“One, two, three – what do I see?” My words were slurred. “Four, five, six – stucco instead of bricks. Seven, eight, nine – to go inside would be fine. But it is three, four, five and I’ll never return alive.”
I was home for Spring Break. My college friends were all someplace warm and my townie friends, well, in the two years at University I had outgrown the ones that hadn’t moved on. They were all like Matt. All Matt talked about was the “Two H-s”, hunting and hockey. His eyes blurred if I brought up anything bigger, even local politics. Mention, say, Noam Chomsky, and his face would shut down.
I had been over to Matt’s house, but got bored with his little minded attitude and wandered away. I soon found myself in front of number 345 Cedar Street saying that little chant I had made up when I was all of 12 years old. “Two, one, zero – if I do it, I’ll be a hero.” I could see my breath in the cold air.
I had always wondered about old number 345, a wonder that bordered on obsession during my middle school days.
Old number 345, yeah, what a house.
Oddly enough, it sat between 337 and 351, as if an entire block was missing except that one strange, out of place house.
I hit the flask I had hidden in my coat. The liquor burned as it went down, driving out the mid-March cold.
I had never seen a person there nor a light on in any of its windows. Ever. As far as I knew, it was abandoned. Who took care of the flowers? I once asked my dad that very question, about the flowers and all, but he told me that there was no number 345. I pointed and he shook his head.
Old number 345 was a typical Mediterranean Revival with bold turquoise shutters, a tile roof and adobe walls. My sister Karen joked that Malibu Barbie lived there.
It was a bit out of place in northern Minnesota.
There was no way to get in on the ground floor and even the downstairs windows were hidden behind those turquoise shutters so nobody could peek in. A winding staircase led to the second floor front door. Planters flanked either side of this stairway. The flowering plants were great, particularly when it was 20 below zero, a typical winter night.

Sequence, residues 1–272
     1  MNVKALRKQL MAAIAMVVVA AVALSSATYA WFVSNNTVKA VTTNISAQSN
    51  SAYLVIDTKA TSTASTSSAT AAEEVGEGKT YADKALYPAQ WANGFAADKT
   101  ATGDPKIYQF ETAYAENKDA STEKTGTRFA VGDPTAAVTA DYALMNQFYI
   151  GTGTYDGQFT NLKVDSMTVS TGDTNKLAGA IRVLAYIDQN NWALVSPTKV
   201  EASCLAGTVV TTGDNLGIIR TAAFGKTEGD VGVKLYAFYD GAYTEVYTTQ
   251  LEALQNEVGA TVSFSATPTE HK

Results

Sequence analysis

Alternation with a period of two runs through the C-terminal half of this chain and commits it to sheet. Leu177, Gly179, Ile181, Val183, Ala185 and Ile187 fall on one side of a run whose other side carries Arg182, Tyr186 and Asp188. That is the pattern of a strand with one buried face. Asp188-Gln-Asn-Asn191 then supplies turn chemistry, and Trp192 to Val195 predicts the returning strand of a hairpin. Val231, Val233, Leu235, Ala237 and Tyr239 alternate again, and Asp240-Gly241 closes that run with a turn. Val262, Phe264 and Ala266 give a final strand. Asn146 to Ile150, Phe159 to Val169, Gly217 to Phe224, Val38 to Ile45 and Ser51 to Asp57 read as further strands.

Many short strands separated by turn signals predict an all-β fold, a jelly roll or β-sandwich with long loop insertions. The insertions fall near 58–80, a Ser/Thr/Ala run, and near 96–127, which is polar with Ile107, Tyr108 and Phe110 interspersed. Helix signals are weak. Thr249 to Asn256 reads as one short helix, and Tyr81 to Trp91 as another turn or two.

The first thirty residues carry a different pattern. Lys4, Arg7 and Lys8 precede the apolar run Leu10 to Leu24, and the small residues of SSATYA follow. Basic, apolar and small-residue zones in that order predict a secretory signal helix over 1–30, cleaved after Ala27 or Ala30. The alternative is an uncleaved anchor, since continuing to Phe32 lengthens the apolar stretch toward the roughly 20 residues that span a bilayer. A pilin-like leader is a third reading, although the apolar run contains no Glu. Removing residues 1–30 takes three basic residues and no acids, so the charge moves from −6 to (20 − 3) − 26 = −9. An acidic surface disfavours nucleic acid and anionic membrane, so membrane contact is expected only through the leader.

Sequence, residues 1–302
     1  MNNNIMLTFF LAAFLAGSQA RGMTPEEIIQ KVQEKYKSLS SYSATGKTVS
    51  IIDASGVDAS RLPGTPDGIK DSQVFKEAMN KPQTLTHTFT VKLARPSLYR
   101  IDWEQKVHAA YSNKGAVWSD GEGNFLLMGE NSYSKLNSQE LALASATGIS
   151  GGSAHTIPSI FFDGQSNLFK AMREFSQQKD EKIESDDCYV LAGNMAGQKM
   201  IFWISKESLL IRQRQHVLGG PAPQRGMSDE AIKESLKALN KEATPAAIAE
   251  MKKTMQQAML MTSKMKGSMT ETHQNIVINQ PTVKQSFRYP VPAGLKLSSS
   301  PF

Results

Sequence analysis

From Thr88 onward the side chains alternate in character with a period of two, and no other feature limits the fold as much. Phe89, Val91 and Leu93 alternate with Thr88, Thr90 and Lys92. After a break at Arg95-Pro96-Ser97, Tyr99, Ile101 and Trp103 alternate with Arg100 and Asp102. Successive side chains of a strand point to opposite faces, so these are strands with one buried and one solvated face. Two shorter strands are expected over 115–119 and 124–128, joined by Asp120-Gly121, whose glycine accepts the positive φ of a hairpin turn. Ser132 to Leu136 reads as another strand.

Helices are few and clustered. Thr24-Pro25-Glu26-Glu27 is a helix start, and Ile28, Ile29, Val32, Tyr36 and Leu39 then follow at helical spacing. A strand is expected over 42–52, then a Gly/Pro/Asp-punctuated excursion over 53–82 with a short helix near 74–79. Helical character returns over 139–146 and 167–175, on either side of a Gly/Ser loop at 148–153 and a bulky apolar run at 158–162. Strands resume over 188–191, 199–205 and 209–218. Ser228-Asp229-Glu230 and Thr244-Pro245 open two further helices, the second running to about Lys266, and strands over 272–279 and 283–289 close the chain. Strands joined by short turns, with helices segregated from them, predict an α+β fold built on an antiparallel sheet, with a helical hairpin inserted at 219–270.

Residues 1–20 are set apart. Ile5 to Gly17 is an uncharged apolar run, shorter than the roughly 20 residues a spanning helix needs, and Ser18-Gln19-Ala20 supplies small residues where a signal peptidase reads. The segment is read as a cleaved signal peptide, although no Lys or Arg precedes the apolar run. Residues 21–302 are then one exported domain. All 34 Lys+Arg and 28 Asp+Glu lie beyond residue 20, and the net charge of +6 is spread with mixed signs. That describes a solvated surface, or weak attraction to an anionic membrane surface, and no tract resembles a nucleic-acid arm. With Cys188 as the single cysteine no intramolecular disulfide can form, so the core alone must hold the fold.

I was maybe 13 when I told Karen that I thought perhaps when the owners moved house, they did it literally. Like picked it up from Southern California and dropped it on the flat frigid landscape of my home town. She laughed. She was 10 at the time.
Funny, but that was my last memory of old number 345 until I stumbled on it in my alcoholic daze.
I took another sip from the flask before daring the stairs.
I was surprised that I felt warmer as soon as I took my first step up. Was it just the liquor? I continued on, a little woozey. It grew warmer the higher I ascended.
In only a minute I stood on the little balcony, studying the door. I reached out to the nob and turned. It wasn’t locked. The mystery of “Malibu Home in Minnesota” was about to be solved.
Inside seemed normal at first. The furniture was ordinary if a bit dated. The place was clean to the point where I would call it almost sterile. I began to realize, though, that something was wrong. I looked closely at the tasteful furniture, all from the mid-1960s but immaculate, and just couldn’t see it. And then I figured out what was bothering me.
How could I see anything? There were no lights on.
The front windows still looked out over a darkened Cedar Street. The back windows, though, glowed. I walked over to investigate and froze.
Out of the windows I could see the suns set over the mountains.
Mountains? In Northern Minnesota?
But then my mind did another leap. I closed my eyes for a moment and then looked again.
There were two suns on the horizon, one about half of the size of the other.
I backed up a step. I knew I had to do something. What?
From the way I figured, I had two choices. I could turn around and go back out into the cold Minnesota night on Cedar Street or I could find a way out into the semi-arid mountainous landscape on the other side of the house.
I glanced around the room. There was a nice, comfortable couch there.
A third choice would be to lie down on the couch and sleep it off. Perhaps it was just the alcohol. I usually didn’t drink very much but, well, Matt. Damn….
A thought about getting caught crossed my mind as I lied down. The couch wasn’t as comfortable as it had looked, but it was pleasantly warm.
If I dreamed, I can’t remember.
Note – I just added a second chapter – See Chapter 2